Let’s take a step back. It is certainly true that AI knows no borders and cannot be successfully controlled by solely one country. AI poses fundamental threats to human rights protection, like discrimination or misinformation-based biases. So, do we need more than soft law? A binding global framework could be the way to go. Take aviation as an example. The Convention on International Civil Aviation created the basis for international aviation law and founded the International Civil Aviation Organization (ICAO), which is responsible for the worldwide alignment of air regulations.

This precedent raises the question: Could a similar framework be constructed for the governance of AI? Might the Bletchley Declaration even be a first step toward a global regulatory framework? But aviation is a much more self-contained industry than AI. AI is a cross-cutting technology used in various sectors and applications, from healthcare and education to the automotive industry and the finance sector. The legal and ethical issues surrounding AI are extremely diverse and intricate. As AI will affect many very different sectors, it is unlikely that a single international organization or agreement can comprehensively cover all aspects of AI regulation.

The road ahead: balancing ethical standards with Innovation

Instead, nations are poised to adopt diverse regulatory strategies, leading to a complex tapestry of laws, regulations, and standards. The challenge is to formulate regulations that reconcile ethical and legal imperatives with the need to foster innovation and economic progress. International collaboration to establish common principles and norms is essential for the effective governance of AI.

The European Union’s AI Act, for example, illustrates the critical balancing act that hard laws face: Too early and too detailed regulation can hinder innovation. Smaller companies, in particular, may not be able to keep up with the regulatory requirements. At the same time, AI regulation can quickly become outdated. The swift advancement of AI technology and its commercial applications may outpace current legislative efforts. The EU’s AI Act, which has undergone extensive amendments since its first draft in 2021 to address new developments like ChatGPT, exemplifies the need for regulatory agility and foresight.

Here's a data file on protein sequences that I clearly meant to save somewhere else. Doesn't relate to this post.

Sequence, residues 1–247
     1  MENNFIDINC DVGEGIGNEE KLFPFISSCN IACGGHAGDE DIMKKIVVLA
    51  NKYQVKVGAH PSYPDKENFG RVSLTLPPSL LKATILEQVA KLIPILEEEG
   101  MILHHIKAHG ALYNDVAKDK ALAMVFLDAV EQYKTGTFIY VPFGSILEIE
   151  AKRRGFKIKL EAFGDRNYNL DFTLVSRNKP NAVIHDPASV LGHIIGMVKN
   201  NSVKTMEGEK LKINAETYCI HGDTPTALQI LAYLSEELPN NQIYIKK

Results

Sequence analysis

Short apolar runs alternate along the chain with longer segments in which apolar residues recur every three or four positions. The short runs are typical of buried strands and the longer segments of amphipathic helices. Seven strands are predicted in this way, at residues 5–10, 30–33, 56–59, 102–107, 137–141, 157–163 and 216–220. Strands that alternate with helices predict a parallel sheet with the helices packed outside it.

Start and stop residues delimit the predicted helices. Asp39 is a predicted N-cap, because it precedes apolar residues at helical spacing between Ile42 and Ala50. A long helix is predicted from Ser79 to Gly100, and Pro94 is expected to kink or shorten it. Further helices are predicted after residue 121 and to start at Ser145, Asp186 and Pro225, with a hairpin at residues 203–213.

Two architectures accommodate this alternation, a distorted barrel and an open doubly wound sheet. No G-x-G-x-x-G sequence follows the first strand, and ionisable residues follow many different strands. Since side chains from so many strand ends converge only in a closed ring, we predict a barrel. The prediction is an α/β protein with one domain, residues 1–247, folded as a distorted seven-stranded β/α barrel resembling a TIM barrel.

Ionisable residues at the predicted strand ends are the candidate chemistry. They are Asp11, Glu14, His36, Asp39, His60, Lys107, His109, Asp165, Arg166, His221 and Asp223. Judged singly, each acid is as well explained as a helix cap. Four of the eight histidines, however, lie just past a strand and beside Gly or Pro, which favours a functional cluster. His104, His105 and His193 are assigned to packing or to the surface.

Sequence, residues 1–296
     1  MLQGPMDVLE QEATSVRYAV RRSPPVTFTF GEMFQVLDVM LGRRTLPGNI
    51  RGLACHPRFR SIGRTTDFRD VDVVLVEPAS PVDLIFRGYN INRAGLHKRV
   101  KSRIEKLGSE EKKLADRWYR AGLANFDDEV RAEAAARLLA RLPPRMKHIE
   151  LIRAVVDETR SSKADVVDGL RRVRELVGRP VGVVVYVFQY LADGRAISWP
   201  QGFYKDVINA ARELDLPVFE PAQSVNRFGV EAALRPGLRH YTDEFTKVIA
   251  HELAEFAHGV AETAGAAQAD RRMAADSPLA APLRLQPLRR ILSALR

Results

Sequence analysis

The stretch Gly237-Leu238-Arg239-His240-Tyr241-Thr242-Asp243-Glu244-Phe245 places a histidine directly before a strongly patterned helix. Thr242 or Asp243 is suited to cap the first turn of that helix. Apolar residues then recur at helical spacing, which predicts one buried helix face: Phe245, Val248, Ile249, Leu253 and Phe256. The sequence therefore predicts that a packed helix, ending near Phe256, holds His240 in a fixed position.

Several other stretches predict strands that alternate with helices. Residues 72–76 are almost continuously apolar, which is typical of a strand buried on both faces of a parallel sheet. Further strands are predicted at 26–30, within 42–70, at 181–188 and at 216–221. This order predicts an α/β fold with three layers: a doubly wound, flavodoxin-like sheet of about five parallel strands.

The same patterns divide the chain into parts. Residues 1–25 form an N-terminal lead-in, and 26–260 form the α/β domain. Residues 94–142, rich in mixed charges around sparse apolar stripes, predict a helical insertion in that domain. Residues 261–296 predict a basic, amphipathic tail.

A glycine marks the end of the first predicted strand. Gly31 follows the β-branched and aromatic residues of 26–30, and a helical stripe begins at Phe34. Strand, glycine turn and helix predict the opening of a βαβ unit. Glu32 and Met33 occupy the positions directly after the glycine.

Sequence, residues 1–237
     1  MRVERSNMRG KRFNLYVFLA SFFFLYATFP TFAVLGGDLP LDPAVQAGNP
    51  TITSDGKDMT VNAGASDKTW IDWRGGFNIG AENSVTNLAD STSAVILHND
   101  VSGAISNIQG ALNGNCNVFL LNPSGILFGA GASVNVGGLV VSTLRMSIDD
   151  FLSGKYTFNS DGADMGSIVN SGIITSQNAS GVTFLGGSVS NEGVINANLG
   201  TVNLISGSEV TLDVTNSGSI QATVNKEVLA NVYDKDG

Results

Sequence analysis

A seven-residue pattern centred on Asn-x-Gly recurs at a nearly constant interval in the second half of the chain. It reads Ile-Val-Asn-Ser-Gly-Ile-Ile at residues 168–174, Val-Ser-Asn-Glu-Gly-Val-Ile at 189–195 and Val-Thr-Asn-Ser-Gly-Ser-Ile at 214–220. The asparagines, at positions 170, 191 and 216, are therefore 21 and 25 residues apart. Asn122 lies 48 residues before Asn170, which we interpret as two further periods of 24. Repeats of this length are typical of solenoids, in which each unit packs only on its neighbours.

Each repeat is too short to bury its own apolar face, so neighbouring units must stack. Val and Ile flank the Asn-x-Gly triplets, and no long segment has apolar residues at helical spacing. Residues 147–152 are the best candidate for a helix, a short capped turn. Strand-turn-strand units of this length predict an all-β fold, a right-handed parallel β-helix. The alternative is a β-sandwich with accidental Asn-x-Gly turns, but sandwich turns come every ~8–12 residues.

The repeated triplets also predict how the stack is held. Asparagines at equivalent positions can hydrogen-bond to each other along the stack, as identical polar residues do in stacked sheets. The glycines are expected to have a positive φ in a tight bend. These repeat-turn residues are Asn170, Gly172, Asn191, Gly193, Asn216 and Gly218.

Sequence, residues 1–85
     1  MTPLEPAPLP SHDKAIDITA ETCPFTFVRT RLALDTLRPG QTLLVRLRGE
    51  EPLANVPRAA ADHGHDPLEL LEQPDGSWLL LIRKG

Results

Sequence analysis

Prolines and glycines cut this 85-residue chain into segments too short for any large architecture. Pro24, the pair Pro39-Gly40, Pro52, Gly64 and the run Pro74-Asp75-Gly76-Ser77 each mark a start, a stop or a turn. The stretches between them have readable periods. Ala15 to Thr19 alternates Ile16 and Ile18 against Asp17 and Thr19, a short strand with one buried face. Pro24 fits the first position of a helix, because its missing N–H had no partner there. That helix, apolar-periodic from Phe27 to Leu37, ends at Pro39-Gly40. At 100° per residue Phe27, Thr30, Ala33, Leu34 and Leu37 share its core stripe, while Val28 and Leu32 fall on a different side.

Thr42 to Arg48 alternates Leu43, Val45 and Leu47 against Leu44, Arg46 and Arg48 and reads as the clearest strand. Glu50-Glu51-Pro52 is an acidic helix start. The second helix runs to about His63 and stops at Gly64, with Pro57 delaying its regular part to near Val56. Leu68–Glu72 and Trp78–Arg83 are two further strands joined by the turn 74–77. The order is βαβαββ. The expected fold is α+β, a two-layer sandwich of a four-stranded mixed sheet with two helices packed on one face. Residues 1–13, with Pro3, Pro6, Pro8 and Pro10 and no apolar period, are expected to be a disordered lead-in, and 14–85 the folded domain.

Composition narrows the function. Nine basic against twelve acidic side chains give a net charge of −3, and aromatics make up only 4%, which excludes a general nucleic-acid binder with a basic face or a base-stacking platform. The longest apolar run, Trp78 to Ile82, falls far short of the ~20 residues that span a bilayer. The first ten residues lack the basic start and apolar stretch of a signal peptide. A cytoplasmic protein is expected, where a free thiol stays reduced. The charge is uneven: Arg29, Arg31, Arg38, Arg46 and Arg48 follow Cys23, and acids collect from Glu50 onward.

Author

Anahita Thoms heads Baker McKenzie's International Trade Practice in Germany and is a member of our EMEA Steering Committee for Compliance & Investigations. Anahita is Global Lead Sustainability Partner for our Industrials, Manufacturing and Transportation Industry Group. She serves as an Advisory Board Member in profit and non-profit organizations, such as Atlantik-Brücke, and is an elected National Committee Member at UNICEF Germany. She has served for three consecutive terms as the ABA Co-chair of the Export Controls and Economic Sanctions Committee and as the ABA Vice-Chair of the International Human Rights Committee. Anahita has also been an Advisory Board Member (Beirätin) of the Sustainable Finance Advisory Council of the German Government.

Anahita has won various accolades for her work, including 100 Most Influential Women in German Business (manager magazin), Top Lawyer (Wirtschaftswoche), Winner of the Strive Awards in the category Sustainability, Pioneer in the area of sustainability (Juve), International Trade Lawyer of the Year (Germany) 2020 ILO Client Choice Awards, Young Global Leader of the World Economic Forum, Capital 40 under 40, International Trade Lawyer of the Year (New York) 2016 ILO Client Choice Awards. In 2023, Handelsblatt recognized her as one of Germany’s Dealmaker and “most sought after advisors of the country” in the field of sustainability.

Author

Dr. Alexander Ehrle is a member of the Firm's International Trade Practice in Baker McKenzie's Berlin office. Alexander studied law at the Universities of Heidelberg, Montpellier (France), Mainz, Munich and New York (NYU) specializing in Public International and European Law. He worked as advisor and member of a delegation of a developing country at the United Nations before qualifying for the German bar. He spent his clerkship with the Higher Regional Court in Berlin, the German Ministry of Foreign Affairs in Berlin and Tokyo as well as an international law firm in Frankfurt and Milan. He wrote his doctoral dissertation on the structural changes of public international law and their conceptualization in academic discourse basing his research on the governance of areas beyond national jurisdiction. Alexander is admitted to practice in Germany and New York. 

Alexander co-chairs the Business & Human Rights Committee of the American Bar Association’s International Law Section and has been recognized as one of 40 under 40 lawyers worldwide for foreign investment control by the Global Competition Review.

Author

Kimberley Fischer is a member of the International Trade Practice in Baker McKenzie's Berlin office. She joined the Firm in 2022. Kimberley studied law at the Ruprecht Karls University of Heidelberg and the Universidad de Deusto (Spain), with a focus on public international law and human rights. Prior to joining the Firm, Kimberley completed her legal traineeship at the Higher Regional Court of Frankfurt am Main, the German Federal Foreign Office in Berlin and at an international law firm in Brussels and Frankfurt am Main. She also gained significant experience in public (international) law as a research assistant at the University of Heidelberg and at a reputable law firm.